Finally, one can opt to purchase a Railside Party Tent ticket which offers close up views of the horses racing past.  Children 12 years old and younger may enter here free of charge as long as they are accompanied by an adult.

Horses and jockeys neck and neck on the plains of the Great Meadow course

There are a number of inns and other lodging in the surrounding towns (Warrenton, Middleburg, Washington, etc.).  Please visit the Great Meadow website to find accommodations and information on booking.


Hampton Classic 

Bridgehampton, NY

What better dream vacation exists than one of horses and sunset strolls on the Hampton beaches? 

The logo of the Hampton Classic

Boasting some of the United States’ leading jumper and hunter competitions, the Hampton Classic takes place on 65 acres of show grounds from August 26-September 2 in 2012.  The Hampton Classic was founded over 100 years ago in 1900, though it was discontinued three times in the past century, during both World Wars and in the mid-1960s.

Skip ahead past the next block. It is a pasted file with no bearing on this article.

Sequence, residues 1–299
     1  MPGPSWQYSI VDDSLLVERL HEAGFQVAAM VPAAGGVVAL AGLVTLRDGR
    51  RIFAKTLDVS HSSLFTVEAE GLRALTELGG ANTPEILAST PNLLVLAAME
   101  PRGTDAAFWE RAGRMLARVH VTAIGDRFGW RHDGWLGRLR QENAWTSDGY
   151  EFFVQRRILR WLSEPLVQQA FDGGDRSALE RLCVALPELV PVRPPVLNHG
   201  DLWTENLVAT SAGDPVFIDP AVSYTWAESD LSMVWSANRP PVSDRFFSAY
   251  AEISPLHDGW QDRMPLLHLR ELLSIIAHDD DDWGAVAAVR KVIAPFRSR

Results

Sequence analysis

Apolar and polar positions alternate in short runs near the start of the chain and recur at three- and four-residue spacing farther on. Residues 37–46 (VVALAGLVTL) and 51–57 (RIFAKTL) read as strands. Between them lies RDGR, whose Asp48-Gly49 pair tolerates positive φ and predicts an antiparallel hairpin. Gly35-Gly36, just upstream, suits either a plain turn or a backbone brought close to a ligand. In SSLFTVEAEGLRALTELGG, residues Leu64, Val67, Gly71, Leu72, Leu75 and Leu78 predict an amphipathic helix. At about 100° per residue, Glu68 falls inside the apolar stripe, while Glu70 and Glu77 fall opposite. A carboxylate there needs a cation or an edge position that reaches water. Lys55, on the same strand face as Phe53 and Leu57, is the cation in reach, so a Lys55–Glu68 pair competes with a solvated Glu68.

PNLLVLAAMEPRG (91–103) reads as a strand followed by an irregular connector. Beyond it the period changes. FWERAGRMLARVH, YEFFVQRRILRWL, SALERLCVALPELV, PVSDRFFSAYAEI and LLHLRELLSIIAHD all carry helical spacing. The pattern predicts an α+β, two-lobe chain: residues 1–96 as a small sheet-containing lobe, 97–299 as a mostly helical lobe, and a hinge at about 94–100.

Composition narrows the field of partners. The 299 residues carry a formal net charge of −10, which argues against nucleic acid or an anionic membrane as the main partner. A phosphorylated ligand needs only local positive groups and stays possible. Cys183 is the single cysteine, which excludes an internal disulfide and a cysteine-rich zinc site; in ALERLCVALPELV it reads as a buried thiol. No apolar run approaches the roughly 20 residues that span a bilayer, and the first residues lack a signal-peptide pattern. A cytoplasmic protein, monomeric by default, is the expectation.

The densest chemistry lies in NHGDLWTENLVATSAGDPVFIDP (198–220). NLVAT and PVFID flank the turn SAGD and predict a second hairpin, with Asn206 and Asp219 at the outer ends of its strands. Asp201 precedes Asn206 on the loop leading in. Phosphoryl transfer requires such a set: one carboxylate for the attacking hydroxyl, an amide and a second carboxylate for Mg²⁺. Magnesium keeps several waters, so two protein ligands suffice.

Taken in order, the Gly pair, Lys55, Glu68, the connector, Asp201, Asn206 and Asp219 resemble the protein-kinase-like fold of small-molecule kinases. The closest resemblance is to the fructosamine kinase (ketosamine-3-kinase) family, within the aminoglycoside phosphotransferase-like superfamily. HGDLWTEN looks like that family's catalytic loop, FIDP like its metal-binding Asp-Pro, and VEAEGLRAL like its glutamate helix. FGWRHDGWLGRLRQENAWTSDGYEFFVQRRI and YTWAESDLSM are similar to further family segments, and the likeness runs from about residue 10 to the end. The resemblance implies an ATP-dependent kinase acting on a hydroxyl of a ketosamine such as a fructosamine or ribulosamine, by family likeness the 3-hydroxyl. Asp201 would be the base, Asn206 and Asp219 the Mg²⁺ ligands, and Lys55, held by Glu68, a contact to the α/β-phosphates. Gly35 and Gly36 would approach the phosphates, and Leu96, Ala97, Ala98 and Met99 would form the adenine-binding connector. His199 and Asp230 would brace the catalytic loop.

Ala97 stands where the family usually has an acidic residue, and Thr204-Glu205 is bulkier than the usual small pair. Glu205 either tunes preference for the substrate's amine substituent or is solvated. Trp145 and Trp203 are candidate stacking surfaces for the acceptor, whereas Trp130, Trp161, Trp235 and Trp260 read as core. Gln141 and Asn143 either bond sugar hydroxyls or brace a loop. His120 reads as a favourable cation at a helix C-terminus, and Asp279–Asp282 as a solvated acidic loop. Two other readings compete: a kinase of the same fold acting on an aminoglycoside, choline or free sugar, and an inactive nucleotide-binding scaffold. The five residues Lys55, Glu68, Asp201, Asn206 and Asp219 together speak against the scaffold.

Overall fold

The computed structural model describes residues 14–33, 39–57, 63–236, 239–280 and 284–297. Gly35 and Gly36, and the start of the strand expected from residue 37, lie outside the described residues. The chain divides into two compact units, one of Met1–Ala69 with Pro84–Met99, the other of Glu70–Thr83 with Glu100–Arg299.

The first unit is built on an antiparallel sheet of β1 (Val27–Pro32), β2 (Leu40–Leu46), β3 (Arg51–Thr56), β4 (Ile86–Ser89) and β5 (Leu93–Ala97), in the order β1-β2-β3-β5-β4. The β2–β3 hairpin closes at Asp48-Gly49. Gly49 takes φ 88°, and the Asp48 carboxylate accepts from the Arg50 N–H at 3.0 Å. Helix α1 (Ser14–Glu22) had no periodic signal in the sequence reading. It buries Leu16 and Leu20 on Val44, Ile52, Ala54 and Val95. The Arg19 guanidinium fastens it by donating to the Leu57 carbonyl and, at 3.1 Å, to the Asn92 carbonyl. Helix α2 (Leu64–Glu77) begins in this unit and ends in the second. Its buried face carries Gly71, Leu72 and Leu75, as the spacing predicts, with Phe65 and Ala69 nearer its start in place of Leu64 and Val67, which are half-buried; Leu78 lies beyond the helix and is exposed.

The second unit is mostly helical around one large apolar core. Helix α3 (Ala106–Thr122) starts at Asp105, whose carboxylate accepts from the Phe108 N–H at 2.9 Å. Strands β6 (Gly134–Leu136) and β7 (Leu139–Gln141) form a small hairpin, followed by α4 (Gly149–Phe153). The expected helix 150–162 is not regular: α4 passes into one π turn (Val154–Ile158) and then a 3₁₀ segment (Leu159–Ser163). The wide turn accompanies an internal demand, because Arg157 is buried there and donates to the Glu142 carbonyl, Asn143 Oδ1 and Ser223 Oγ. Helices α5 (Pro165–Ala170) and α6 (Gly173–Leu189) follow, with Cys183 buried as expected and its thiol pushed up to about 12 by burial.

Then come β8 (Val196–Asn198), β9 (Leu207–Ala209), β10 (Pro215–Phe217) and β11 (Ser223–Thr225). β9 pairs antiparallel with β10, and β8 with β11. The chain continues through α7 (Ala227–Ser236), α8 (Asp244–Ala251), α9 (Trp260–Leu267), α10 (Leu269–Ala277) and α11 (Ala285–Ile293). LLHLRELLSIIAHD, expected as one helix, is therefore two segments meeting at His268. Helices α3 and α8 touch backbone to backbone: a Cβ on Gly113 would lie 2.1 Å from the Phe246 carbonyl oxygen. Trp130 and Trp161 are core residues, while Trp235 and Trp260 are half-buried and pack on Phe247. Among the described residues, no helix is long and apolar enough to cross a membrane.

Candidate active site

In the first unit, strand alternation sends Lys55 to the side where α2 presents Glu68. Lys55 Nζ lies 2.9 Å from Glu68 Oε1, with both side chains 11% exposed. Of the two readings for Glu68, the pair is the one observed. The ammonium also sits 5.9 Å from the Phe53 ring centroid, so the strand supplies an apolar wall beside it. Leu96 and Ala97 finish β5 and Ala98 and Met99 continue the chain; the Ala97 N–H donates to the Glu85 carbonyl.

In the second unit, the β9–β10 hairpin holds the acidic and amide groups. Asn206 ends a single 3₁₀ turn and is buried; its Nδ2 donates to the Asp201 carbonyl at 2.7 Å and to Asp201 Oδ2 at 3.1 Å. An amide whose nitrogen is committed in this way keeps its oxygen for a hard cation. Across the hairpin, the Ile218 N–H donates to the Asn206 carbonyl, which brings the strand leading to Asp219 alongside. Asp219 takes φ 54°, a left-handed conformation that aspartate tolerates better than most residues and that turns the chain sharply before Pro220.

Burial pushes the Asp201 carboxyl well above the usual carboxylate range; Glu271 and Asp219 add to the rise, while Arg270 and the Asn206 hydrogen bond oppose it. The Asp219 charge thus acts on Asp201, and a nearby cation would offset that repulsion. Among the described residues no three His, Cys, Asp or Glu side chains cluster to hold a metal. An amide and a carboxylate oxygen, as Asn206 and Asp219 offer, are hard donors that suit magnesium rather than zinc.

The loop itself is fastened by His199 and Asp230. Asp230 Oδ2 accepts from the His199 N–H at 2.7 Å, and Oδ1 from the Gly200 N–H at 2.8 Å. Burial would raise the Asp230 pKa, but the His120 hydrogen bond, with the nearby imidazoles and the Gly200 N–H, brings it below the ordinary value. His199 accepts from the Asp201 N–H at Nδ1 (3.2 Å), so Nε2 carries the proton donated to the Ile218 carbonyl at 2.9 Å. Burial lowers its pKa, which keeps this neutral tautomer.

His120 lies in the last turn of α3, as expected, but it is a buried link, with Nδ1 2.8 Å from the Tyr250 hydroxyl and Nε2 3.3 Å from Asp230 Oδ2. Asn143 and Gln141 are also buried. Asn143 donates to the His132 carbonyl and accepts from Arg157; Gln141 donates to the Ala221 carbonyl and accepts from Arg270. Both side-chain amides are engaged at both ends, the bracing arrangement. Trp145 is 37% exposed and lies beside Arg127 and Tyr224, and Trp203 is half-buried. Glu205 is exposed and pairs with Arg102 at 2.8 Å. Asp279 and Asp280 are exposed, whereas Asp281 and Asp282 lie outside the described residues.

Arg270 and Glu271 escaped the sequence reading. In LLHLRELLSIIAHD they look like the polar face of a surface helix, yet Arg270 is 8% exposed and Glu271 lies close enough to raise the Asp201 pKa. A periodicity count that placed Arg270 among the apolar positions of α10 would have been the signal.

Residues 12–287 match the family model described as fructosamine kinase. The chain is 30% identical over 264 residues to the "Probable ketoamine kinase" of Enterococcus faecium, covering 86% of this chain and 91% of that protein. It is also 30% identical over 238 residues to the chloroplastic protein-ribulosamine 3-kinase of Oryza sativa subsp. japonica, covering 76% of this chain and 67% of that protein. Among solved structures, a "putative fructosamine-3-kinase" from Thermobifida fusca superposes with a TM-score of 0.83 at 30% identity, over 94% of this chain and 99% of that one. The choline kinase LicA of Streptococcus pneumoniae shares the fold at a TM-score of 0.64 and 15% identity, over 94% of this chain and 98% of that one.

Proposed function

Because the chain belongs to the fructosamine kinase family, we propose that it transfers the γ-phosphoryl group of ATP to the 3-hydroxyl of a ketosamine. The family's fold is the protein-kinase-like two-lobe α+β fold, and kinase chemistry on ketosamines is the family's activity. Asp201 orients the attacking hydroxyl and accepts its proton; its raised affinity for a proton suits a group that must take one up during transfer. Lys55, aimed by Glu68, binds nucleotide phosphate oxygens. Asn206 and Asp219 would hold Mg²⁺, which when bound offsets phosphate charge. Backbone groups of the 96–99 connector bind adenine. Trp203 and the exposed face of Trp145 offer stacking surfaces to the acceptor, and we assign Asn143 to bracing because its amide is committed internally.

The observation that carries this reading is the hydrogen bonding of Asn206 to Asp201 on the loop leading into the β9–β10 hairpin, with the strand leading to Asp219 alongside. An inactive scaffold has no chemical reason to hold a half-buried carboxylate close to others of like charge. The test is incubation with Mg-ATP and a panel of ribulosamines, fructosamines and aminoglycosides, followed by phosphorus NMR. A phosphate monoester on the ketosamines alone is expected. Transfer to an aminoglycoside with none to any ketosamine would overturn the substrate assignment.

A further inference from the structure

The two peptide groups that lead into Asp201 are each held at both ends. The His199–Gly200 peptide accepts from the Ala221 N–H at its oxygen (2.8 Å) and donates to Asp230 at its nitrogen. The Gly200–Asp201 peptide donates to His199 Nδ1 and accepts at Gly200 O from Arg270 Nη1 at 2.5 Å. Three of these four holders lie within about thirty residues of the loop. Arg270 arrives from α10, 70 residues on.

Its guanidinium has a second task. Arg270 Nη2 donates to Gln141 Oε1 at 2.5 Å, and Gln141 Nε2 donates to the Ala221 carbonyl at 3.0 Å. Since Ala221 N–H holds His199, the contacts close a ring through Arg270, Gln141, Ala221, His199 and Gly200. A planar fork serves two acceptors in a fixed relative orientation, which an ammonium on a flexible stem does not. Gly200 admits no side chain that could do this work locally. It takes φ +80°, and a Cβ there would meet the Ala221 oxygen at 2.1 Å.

The Hampton Classic is a Grand Prix show jumping horse show in Bridgehampton, New York.

Prize money can reach $500,000; yet, equestrians aren’t the only ones to walk away with a cash reward.  All proceeds from the show are donated to the South Hampton Hospital.

A representation of the various nationalities who participante in the annual Hampton Classic 

While the Hampton Classic is a glamorous event for city singles to attend as a cap to their summer fun, it is also a wonderful family venue.  Many families attend, bringing their dogs and exploring the  the surrounding areas.  

For kids, Fairview Farm, open for September and October (just in time for the Classic), has an the 8-acre corn maze on the property.  Parents seeking a adult fun may go wine tasting at the Channing Daughters Winery.

Itinerary Information

The room and board available in surrounding area only serves to enhance the magical experience of the Hampton Classic.  View the Hampton Classic's official site for an exhaustive list of hotel options.  To immerse yourself in a unique, scenic Hampton experience consider the following accommodations.                     

  • Bowen’s By the Bays in Hampton Bays: rooms and private cottages available on the 3.5 acres of land; pool, tennis courts and playground open to guests; nearby beach access and 14 miles to the horse-show. Tel. (631) 728.1158
  • Wainscott Inn in Sagaponack: a 30 room inn with both studios and cottages available for rental; location on 7 wooded acres; rooms equipped with cable, A/C and wireless; a heated pool and tennis courts accessible by guests; only 3.5 miles to the Hampton Classic. Tel. (631) 537.0878